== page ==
On Wed, Jun 19, 2013 at 05:28:15PM +0200, Adam Back wrote:
> I think Timo's point is that while you cant do discrete log, you can do y-th
> root.  So if P = xG is a parent public key (x private key, G base point),
> then your proposed multiplier address is hash of Q=yP.  However its easy to
> find another P such that Q=zP'.  ie just "divide by z" (EC multiply by z^-1
> mod n, n the order of the curve).  So P'=z^-1.Q, which will work because
> Q=zP', substituting P' you get Q=z.z^-1.Q, Q=Q.
> Of course the attacker has just performed an unspenable DoS (maybe, or maybe
> a useless collision) because he wont know the discrete log of Q, nor P, nor
> P'.  So thats the question, does the protocol have any reliance on knowing
> the discrete log - is it a problem if someone can find different multipliers
> of different (unknown, uncomputable discrete log) parent keys.
> If it was a concern I guess you could require a proof of knowledge of
> discrete log.  ie as well as public key parent, multiplier the address must
> include ECDSA sig or Schnorr proof of knowledge (which both demonstrate
> knowledge of the discrete log of Q to base G.)

The "concern" (if there is any) would be that the owner of the parent
P=xG, i.e. the person knowing x, in addition to y creates another pair
(P',z) such that yP=Q=zP' and uses that second pair maliciously later on
(such as claiming the payment went to identity P' not P). Since the
owner of P knows the private key for P' (x*y*z^-1) he can also produce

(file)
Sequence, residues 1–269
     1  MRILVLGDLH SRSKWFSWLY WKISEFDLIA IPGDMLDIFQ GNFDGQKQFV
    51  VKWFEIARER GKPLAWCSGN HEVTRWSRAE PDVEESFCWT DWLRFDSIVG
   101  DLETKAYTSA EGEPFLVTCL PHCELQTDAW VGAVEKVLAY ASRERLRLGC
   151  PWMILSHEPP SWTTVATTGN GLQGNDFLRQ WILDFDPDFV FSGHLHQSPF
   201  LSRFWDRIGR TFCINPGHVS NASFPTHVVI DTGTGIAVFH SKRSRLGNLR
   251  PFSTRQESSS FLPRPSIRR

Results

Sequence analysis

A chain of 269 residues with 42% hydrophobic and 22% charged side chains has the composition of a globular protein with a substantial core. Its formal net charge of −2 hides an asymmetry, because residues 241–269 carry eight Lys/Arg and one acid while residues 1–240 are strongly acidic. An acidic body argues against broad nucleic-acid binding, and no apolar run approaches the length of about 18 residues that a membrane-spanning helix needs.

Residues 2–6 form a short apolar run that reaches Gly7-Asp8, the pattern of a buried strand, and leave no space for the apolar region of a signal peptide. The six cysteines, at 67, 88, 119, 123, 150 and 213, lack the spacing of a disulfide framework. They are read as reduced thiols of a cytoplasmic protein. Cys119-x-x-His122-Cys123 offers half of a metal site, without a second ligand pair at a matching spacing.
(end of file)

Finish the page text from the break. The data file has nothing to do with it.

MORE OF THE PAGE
proof of knowledge for discrete log for P'. I think adding proof of
knowledge or signatures on the multiplier don't help to eliminate all
possible concerns, which could involve proving something to a third
party that has not seen the communication between payer and payee. 

If you consider only payer and payee then Alan's original proposal is
just fine, as far as I can tell. Only if you start using it in a payment
protocol or, more precisely, if you start interpreting P as an identity
(as Alan suggested in subsequent posts) _and_ this identity is a
public/global one rather than a local one that only the payer uses, then
reasons can pop up to eliminate ambiguity about which identity each
payment went to.


ps the fact that this post used the multiplicative rather than additive
derivation scheme doesn't change the argument.

Timo Hanke
PGP 1EFF 69BC 6FB7 8744 14DB  631D 1BB5 D6E3 AB96 7DA8

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